25 February 2011

"Today, we are all Joan Miró."

So says Jonathan Jones in this essay in The Guardian. In so doing he places a finger on the moralistic types who condemn violence and oppression but, when the chips are down, are unprepared not only "to fight for justice but also to face and tell the truth." Miró, it seems, fell into that category during the Spanish Civil War. I'll take Jones's word for that since I don't know the actual history. So, let's assume that Miró both could've taken up arms in the Republican cause and didn't.

The hero of this piece is Orwell - the anti-Miró - who both set off to fight the fascists in Spain and (in Homage to Catalonia) frankly exposed the foibles and hypocrisies of the Republican coalition. I agree with Jones on the need to engage in politics not philanthropy or posturing. But I disagree that "fine words ... spoken in support of fine ideals" are necessarily empty or cheap. And I suggest too that it was difficult enough to set off to fight fascists in Spain - where it was relatively easy to tell the good guys from the bad. In many (perhaps not all) conflicts today the demarcation is murkier.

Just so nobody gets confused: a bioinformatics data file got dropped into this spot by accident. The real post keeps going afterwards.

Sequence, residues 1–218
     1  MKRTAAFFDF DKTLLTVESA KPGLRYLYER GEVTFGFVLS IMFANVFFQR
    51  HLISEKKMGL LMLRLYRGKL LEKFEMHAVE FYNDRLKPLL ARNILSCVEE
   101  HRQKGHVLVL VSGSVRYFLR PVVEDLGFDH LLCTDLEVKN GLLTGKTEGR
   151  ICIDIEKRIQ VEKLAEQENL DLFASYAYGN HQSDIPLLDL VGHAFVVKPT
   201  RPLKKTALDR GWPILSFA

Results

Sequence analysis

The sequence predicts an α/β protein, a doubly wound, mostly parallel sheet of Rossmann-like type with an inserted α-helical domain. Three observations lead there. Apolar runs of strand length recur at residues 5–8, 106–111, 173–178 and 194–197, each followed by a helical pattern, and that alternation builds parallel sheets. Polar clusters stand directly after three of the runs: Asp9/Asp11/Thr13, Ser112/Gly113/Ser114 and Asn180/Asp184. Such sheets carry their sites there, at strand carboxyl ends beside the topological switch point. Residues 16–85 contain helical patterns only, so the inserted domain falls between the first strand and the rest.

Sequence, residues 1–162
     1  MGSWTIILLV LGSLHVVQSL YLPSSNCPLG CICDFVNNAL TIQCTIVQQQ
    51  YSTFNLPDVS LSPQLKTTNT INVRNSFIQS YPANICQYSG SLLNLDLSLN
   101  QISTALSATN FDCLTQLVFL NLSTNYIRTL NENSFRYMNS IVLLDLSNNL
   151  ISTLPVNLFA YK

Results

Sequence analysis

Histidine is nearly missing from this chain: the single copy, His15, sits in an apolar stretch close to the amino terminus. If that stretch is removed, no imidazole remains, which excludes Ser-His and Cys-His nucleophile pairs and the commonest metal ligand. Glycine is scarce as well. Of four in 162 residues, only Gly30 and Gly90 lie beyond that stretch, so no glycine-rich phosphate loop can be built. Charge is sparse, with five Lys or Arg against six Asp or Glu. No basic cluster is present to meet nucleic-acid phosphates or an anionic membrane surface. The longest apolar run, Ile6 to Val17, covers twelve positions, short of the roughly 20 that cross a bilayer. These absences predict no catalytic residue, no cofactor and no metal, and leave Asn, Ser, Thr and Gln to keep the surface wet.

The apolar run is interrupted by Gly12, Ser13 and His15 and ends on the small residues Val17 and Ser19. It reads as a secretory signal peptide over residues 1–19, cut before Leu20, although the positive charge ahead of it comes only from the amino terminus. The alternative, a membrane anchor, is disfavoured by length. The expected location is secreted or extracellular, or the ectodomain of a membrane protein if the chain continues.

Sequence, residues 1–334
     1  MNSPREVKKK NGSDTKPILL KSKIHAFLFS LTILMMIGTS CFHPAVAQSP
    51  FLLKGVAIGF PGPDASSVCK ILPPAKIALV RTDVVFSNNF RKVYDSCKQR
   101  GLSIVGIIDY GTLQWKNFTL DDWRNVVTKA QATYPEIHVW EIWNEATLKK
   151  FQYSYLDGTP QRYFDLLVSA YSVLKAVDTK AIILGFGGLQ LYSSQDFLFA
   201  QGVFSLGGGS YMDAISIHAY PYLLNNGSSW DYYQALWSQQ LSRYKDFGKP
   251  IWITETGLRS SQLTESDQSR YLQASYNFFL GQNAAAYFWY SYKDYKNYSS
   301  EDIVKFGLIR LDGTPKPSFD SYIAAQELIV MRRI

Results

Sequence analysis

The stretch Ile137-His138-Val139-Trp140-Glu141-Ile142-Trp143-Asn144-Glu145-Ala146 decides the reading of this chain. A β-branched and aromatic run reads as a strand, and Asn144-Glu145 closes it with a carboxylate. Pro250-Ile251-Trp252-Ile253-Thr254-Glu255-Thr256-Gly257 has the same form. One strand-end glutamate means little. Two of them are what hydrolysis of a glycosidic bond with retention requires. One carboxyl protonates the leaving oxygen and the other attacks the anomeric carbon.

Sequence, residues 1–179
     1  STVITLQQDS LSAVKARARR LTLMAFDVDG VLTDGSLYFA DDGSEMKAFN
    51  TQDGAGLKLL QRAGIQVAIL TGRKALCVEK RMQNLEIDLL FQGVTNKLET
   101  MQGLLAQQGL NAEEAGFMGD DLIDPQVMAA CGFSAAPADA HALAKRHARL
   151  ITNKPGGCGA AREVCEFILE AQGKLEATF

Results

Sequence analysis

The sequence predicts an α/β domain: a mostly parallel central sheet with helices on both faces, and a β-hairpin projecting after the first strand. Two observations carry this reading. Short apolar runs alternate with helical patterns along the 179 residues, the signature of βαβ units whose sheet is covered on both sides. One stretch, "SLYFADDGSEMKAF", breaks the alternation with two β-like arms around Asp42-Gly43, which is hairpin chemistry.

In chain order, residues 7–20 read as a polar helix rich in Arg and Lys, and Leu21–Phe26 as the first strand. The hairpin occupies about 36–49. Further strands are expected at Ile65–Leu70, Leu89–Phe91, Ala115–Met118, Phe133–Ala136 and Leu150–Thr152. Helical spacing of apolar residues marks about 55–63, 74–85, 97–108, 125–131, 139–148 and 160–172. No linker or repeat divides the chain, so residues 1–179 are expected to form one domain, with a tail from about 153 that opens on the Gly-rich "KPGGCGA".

And the complicity is deeper too, I suspect. Mubarak, of course was our client; and so too was Saddam Hussein. Our Naval fleet, I believe, anchors in Bahrain. Ought we be taking up arms? Would doing so now be too late? Now, once the people in Tunisia, Egypt, Bahrain, Yemen, Libya and lord knows where else have taken to the streets, should we be there providing armed protection? Just what is Jones suggesting? Is he trading moralism for delusion?

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